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Course content

Modern linguistics is the scientific study of all aspects of the world’s languages from their sound systems and grammatical structure through to the interaction of language with culture, the study of meaning in language, and the use of language in modern technology. Linguists try to establish what types of structures are shared by different languages and the extent to which language may differ from each other.

MA Linguistics at SOAS is a modular programme which combines the intensive study of the core areas of formal linguistics - phonology, morphology, syntax and semantics - with a choice of options in different areas of the discipline. The programme is run on a modular basis to suit the needs of the following four categories of students: 

  • Those with a degree in linguistics who wish to pursue more regional and language-based study;
  • Those with a degree in linguistics who wish to pursue more research-oriented topics before proceeding to a research degree;
  • Those with little or no previous training in linguistics who wish to acquire a knowledge of the discipline;
  • Those with little or no previous training in linguistics who wish to take the degree as a conversion course before; proceeding to a research degree.

The programme can be taken full time over one calendar year or part time over two or three years (daytime only.) The taught part of the programme consists of core lectures which introduce basic concepts, theory and methodology; and additional seminars which extend the core material into other areas. A 10,000-word dissertation written over the summer offers students the opportunity to develop original research in an area of special interest. 

MA Linguistics is for students who would like to acquire general postgraduate-level training in formal linguistics (perhaps as preparation for further training or research).

Structure

Students on the MA Linguistics take 180 credits, 60 of which are a dissertation and a 120 from taught modules. Students should follow the programme structure set out below.

Students also attend the Research Foundations Seminar. Students may choose 30 credits from the list of approved language open options.

Teaching & Learning

Knowledge

  • Acquiring a solid foundation in the ‘core’ areas of theoretical linguistics, syntax, phonology and semantics.
  • Familiarity with the basic concepts and assumptions of different theoretical frameworks in the discipline, and the ability to critically question and evaluate these assumptions.
  • Familiarity with the relevant conventions and methodology applicable to work with both raw linguistic data and linguistic descriptions.
  • Opportunity to specialise in the area of interest.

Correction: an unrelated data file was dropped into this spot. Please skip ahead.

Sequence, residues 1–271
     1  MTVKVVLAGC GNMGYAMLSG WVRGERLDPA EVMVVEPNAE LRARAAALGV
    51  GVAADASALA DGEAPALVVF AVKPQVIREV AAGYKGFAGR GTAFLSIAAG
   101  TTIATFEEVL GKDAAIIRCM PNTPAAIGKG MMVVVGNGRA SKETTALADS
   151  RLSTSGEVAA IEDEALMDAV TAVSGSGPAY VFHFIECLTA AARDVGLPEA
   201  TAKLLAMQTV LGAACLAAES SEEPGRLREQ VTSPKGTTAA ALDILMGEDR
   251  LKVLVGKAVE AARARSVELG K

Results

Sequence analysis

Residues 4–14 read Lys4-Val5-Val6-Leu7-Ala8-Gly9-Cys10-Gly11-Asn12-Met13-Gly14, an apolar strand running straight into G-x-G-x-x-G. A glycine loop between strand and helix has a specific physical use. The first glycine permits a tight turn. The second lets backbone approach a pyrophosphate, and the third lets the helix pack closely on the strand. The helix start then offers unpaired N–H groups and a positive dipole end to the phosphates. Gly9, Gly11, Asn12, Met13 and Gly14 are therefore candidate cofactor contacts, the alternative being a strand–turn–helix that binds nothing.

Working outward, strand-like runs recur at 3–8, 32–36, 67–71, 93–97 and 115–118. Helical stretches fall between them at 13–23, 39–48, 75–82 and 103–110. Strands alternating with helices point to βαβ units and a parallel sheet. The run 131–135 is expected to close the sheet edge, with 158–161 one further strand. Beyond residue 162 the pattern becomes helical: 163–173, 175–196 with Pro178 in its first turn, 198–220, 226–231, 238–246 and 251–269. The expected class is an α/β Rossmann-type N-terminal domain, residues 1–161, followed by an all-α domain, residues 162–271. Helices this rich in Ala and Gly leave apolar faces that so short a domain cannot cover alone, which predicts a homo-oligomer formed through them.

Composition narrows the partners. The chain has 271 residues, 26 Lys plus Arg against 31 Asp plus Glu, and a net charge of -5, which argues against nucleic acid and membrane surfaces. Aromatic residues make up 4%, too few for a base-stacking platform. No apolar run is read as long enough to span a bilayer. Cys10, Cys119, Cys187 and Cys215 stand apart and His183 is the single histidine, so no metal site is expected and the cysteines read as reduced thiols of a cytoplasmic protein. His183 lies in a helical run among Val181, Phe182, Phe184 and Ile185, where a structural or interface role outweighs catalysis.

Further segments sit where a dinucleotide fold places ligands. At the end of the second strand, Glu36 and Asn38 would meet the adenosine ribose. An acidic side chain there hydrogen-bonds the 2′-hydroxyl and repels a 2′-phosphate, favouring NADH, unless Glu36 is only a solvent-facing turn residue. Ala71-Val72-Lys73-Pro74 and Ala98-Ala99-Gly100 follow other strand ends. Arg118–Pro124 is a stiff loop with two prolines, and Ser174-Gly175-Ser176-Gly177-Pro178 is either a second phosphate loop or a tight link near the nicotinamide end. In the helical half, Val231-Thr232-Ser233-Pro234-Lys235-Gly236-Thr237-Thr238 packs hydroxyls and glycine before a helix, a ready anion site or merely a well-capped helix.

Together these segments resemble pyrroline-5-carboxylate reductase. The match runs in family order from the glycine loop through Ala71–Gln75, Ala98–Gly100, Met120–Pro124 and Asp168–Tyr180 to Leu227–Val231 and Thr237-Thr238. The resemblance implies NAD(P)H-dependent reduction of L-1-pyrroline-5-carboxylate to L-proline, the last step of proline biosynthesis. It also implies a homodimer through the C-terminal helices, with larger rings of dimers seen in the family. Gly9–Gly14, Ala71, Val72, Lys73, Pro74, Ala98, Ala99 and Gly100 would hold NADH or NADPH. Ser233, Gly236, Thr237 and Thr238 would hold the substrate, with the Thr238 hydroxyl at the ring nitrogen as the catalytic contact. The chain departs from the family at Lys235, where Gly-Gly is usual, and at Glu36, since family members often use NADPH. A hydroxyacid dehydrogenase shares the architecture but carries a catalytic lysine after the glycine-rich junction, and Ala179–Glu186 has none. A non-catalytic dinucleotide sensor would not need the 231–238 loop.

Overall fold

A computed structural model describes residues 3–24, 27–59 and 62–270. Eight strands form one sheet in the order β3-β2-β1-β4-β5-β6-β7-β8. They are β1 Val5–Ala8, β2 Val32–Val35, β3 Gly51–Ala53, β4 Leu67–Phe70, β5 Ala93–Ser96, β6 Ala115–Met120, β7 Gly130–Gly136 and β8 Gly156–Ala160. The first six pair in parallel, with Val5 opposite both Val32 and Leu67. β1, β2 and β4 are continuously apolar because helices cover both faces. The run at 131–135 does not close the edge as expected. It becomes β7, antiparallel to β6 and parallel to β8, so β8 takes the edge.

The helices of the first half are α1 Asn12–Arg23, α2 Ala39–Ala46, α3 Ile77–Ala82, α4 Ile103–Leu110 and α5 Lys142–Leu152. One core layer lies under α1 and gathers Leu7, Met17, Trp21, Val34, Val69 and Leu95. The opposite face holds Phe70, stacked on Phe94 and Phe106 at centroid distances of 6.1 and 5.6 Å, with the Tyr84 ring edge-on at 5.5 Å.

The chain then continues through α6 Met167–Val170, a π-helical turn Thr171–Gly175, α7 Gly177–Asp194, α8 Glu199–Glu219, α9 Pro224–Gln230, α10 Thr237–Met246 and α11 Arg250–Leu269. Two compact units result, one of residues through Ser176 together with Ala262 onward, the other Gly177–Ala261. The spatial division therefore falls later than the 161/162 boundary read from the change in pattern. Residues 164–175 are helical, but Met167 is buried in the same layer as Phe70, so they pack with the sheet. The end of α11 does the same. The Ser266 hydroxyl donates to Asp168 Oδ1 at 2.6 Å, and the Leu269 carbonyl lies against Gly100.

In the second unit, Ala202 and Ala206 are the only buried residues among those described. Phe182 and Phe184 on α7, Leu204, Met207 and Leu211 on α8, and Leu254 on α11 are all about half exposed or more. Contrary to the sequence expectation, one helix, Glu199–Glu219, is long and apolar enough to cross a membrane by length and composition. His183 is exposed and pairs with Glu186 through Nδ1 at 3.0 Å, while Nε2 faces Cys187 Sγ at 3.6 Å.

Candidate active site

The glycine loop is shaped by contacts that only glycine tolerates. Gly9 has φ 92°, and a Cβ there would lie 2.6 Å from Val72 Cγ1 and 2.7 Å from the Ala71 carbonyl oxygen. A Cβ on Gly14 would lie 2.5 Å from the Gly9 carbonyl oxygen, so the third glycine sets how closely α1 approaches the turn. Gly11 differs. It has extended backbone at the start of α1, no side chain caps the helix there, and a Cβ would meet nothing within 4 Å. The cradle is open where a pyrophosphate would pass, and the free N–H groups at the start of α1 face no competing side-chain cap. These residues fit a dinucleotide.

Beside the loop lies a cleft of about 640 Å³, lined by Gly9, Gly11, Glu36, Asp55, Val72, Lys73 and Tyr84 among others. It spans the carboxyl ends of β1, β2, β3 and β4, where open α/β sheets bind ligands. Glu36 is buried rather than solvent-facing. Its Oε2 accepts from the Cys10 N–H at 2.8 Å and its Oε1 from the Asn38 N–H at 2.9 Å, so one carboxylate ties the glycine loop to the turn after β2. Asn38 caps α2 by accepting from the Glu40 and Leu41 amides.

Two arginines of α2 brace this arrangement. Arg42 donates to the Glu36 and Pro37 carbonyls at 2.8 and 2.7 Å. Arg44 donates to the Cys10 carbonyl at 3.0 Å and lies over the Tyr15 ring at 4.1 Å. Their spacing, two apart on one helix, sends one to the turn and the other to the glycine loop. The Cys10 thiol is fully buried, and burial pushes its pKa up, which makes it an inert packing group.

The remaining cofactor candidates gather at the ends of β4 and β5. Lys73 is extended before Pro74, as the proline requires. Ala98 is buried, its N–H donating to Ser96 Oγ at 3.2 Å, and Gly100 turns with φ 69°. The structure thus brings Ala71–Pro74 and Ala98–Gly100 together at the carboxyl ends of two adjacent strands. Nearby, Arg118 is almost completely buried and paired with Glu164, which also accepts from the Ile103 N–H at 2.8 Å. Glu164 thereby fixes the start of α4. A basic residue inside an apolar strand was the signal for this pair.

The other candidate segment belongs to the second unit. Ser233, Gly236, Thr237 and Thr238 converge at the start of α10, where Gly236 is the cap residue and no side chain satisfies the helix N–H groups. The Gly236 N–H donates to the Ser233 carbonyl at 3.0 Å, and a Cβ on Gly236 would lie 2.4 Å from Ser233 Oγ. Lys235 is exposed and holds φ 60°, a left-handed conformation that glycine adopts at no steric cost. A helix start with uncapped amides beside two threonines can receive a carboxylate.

• The student will have the opportunity of gaining knowledge or further knowledge of one or more Asian, Middle Eastern and African languages.

Intellectual (thinking) skills

  • The ability to formulate appropriate linguistic problems, propose and evaluate analyses and present evidence (for and/or against) these analyses.
  • Knowledge of how to assess data and evidence critically from the literature and original sources, how to formulate analyses and arguments within the system of concepts and assumptions in the discipline, how to solve problems of conflicting sources and conflicting interpretations.

Subject-based practical skills

  • Practising research techniques in specialised research libraries and through consultant work.
  • Retrieving and selecting information from a variety of linguistic sources such as specialised papers and reference grammars.
  • Student will have strong practical language skills which will help them in any context where the language is used and which will also be of benefit if they need to learn another language in the future.

Transferrable skills

  • Training in locating materials and using research sources (library holdings, ‘raw’ language data, periodicals, internet).
  • Structuring and communicating ideas effectively in writing
  • Questioning, understanding and evaluating competing proposals

Employment

An MA in Linguistics from SOAS equips students with essential skills such as competency in language skills and intercultural awareness and understanding. Postgraduate students gain linguistic and cultural expertise enabling them to continue in the field of research or to seek professional and management careers.

MA Linguistics graduates leave SOAS with a portfolio of widely transferable skills which employers seek, including written and oral communication skills; attention to detail; analytical and problem solving skills; and the ability to research, amass and order information from a variety of sources. A postgraduate degree is a valuable experience that provides students with a body of work and a diverse range of skills that they can use to market themselves with when they graduate.

For more information about Graduate Destinations from this department, please visit the Careers Service website.


Visit the Linguistics - MA page on the SOAS University of London website for more details!

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